Trade and the economy were two of the major cornerstones of Donald Trump’s presidential campaign. In an appeal to voters of the rust belt states, many of which also happen to be swing states, Trump asserted that he would fix the “disastrous” trade deals imposed by the previous administration in a bid to bring back manufacturing jobs that were outsourced overseas. The main way Trump plans to fix these trade deals is through tariffs. A tariff is a tax on an imported good, and a 15-percent tariff, for example, would indicate that for every dollar of that good a company buys, the company would have to pay the United States government 15 cents. The effect of this tariff is a higher price for the good for both consumers and producers alike, as producers inexorably due to an increase in manufacturing costs. After less than two years into his first term in office, one of the products that Trump has implemented tariffs on is steel. This has produced a wide range of reactions from across the political spectrum. Unsurprisingly, Trump has doubled down and defended his policies even as some of his top economic advisors, such as former National Security Advisor Gary Cohn, have resigned in opposition. In reaction to these new tariffs, there have been those who argue that Trump’s policies hurt the economy more than they help it, but there have been others who have supported them, most notably the domestic manufacturers of these items. A survey of leading economists from the Initiative of Global Markets indicated that although the tariffs would benefit some companies, the net economic losses as a result would outweigh the net economic gains. The organizations who would benefit from these tariffs are the domestic producers of these products, while the companies that would be undermined are those that utilize these raw materials for their manufacturing plants that in turn would be hurt by the rising costs.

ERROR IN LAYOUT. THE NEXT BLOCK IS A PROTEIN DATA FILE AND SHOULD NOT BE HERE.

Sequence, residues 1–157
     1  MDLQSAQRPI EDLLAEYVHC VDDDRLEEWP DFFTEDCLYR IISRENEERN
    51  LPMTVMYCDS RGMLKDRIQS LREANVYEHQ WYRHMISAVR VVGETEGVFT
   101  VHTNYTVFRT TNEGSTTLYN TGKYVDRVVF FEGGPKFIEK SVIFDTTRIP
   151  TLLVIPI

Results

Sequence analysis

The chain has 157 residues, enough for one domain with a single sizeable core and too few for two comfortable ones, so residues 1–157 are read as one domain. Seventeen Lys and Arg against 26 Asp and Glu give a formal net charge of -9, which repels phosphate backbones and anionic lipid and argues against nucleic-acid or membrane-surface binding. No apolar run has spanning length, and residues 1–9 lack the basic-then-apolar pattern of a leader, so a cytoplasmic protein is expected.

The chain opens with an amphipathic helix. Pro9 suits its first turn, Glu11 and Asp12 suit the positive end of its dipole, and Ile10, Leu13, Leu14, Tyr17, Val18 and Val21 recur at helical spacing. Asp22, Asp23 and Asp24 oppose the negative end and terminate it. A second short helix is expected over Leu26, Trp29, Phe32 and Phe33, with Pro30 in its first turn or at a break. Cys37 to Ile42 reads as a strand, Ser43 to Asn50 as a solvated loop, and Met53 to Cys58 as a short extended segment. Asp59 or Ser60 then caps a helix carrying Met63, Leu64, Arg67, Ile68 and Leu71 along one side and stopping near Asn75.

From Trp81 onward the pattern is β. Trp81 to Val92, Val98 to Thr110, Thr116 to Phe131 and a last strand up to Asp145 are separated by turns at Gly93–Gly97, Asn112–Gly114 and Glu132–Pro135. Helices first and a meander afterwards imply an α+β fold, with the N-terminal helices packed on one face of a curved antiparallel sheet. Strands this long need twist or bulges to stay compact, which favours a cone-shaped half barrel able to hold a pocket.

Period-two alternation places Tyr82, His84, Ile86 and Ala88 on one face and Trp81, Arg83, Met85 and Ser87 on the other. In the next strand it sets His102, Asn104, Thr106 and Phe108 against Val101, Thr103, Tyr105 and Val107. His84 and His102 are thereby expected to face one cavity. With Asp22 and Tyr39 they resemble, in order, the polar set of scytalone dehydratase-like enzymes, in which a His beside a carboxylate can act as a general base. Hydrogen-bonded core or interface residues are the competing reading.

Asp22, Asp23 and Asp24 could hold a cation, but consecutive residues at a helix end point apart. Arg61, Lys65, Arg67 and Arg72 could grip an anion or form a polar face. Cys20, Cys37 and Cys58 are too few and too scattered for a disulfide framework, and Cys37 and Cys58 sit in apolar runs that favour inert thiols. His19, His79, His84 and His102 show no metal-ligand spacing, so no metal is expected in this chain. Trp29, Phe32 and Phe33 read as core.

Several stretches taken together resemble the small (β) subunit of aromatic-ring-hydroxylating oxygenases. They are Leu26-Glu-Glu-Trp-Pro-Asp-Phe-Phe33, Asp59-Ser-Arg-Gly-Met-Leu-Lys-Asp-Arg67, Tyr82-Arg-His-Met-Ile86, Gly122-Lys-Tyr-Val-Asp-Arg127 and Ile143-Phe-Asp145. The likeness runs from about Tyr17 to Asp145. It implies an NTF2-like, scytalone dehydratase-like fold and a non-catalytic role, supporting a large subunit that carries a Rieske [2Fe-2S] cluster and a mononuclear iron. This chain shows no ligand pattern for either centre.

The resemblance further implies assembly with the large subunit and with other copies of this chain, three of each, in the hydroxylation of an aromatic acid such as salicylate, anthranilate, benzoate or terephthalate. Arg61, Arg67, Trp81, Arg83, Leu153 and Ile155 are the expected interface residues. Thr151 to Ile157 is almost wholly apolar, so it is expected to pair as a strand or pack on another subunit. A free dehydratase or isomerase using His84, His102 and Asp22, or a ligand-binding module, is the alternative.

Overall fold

U.S. tariffs on steel and other goods are not without precedent. In 2002, then-President George W. Bush imposed a 30-percent tariff on steel imports in an attempt to protect the U.S. steel industry against rising imports. When some of us think of steel, we may only see it in terms of its effects on major automobile and machinery manufacturers such as Ford, Caterpillar, Chrysler, Boeing or General Motors. However, steel is a crucial part of an eclectic range of business, ranging from tire manufacturers to petroleum refiners, and according to the U.S. tax foundation, 98 percent  of all steel-consuming sectors in the U.S. employ less than 500 workers. This would mean that an increase in steel prices would have a deleterious effect on small firms that have very little market power to influence prices in the grand scheme of the economy. Because of this, the tax foundation claims that larger steel prices would lead to a loss of 200,000 jobs in the steel-consuming sector, compared to the 187,500 total employees in the steel-producing sector at the time. However, a March 2018 Bloomberg article points out that although GDP, or total national output, may have gone down during that period of time, U.S. steel prices have increased, helping domestic steel producers. Conversely, a study by the Peterson Institute of Economics points out that the tariffs increased employment in the steel sector by 3,500 workers, although this is small in comparison to the jobs that were lost. In simpler terms, U.S. Senator Lamar Alexander (R-Tenn.) claimed that “there were 10 times as many people in steel-using industries as there were in steel-producing industries.” Threats of retaliatory tariffs and the lack of clear benefits forced the Bush administration to renounce the tariffs after 18 months, despite the fact that Bush himself originally planned to have them implemented for a period of at least three years.